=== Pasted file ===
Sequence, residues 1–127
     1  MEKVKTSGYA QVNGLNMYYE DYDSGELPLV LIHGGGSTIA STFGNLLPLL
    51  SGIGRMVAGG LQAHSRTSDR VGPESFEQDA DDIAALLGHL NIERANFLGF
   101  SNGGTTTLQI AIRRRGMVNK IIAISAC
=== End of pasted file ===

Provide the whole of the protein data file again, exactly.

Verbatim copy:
Sequence, residues 1–127
     1  MEKVKTSGYA QVNGLNMYYE DYDSGELPLV LIHGGGSTIA STFGNLLPLL
    51  SGIGRMVAGG LQAHSRTSDR VGPESFEQDA DDIAALLGHL NIERANFLGF
   101  SNGGTTTLQI AIRRRGMVNK IIAISAC